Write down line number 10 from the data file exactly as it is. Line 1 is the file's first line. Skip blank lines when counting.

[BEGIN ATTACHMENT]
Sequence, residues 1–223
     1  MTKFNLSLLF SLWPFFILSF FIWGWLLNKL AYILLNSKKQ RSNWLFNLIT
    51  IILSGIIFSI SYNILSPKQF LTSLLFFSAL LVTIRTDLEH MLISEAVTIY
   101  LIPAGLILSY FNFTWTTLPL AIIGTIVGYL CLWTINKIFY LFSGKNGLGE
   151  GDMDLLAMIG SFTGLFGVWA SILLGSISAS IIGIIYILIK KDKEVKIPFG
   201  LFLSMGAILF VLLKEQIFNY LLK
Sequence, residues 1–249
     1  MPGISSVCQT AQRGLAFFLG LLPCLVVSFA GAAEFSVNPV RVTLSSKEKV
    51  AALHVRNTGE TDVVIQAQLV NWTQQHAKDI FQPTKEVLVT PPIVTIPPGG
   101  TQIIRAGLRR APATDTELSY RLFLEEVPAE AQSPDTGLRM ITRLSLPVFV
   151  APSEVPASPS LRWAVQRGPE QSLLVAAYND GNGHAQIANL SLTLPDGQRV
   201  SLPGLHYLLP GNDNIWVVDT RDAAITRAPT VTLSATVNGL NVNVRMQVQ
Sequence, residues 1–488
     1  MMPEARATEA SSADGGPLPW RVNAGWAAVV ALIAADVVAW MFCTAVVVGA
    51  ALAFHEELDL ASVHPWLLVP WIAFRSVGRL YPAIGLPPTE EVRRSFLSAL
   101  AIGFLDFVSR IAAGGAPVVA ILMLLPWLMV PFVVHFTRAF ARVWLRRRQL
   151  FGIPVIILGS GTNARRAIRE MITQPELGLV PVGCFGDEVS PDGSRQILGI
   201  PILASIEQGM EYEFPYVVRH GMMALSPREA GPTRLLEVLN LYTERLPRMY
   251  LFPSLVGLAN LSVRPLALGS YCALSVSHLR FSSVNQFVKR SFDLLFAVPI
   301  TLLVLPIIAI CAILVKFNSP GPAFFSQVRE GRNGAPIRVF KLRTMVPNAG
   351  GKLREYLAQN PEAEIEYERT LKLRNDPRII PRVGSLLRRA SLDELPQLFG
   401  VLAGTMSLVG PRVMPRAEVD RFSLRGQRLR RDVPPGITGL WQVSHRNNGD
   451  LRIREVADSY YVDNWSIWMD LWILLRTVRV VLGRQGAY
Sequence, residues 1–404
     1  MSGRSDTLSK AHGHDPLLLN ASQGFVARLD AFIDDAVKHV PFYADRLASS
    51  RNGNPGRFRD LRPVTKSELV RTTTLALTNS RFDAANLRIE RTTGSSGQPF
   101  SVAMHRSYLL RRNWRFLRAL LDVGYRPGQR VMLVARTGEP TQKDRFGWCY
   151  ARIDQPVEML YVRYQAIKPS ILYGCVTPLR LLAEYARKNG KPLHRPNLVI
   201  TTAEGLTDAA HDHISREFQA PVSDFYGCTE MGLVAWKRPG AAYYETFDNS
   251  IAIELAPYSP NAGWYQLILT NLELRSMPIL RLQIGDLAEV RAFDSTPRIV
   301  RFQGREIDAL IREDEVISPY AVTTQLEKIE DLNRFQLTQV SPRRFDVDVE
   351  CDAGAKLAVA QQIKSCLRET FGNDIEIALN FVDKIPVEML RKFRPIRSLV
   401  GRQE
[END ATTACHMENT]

   101  TQIIRAGLRR APATDTELSY RLFLEEVPAE AQSPDTGLRM ITRLSLPVFV